In this Book

East is West and West is East
summary

Between 1919-1938,   contact between Asia and America forced a reassessment of the normative boundaries of race, sex, gender, class, home, and nation. Karen Kuo’s provocative East Is West and West Is East looks closely at these global shifts to modernity.

In her analysis of five forgotten texts—the 1930 film East Is West, Frank Capra’s 1937 version of Lost Horizon and its 1973 remake, Younghill Kang's novel East Goes West, and Baroness Ishimoto’s memoir/manifesto, Facing Both Ways—Kuo elucidates how “Asia” played a role in shaping American gender and racial identities and how Asian authors understood modern America and its social, political, and cultural influence on Asia.

Kuo asserts that while notions of white and Asian racial difference remain salient, sexual and gendered constructions of Asians and whites were at times about similarity and intersections as much as they were about establishing differences.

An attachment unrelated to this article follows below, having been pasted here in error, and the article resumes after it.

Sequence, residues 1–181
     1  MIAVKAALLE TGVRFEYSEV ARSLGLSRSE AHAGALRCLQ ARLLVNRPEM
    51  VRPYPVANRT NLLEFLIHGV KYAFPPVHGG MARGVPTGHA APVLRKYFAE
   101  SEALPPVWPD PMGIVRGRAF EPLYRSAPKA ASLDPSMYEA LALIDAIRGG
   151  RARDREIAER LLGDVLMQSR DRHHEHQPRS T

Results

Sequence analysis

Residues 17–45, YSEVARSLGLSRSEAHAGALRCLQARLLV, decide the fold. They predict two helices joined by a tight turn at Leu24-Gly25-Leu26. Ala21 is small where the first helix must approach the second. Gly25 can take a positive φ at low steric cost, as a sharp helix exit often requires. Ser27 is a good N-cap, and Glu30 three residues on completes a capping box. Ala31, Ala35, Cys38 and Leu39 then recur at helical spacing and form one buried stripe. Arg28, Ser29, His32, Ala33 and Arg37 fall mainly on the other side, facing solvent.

Table of Contents

  1. Cover
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  1. Title Page, Copyright
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  1. Contents
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  1. Acknowledgments
  2. pp. vii-xiii
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  1. Introduction
  2. pp. 1-22
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  1. 1. How Yellow and White Women Are Sold: Controlling Chinese and White Female Sexuality and the Making of US Domesticity in East Is West
  2. pp. 23-62
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  1. 2. Masculine Racial Formations in Younghill Kang’s East Goes West: The Making of an Oriental Yankee
  2. pp. 63-96
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  1. 3. Utopias Lost and Found: Lost Horizon and the Revitalization of American Masculinity
  2. pp. 97-138
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  1. 4. Envisioning Feminism across the Pacific: Japanese and American Feminism and the Limits of Race in Facing Two Ways
  2. pp. 139-184
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  1. Conclusion
  2. pp. 185-194
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  1. Notes
  2. pp. 195-218
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  1. Bibliography
  2. pp. 219-226
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  1. Index
  2. pp. 227-241
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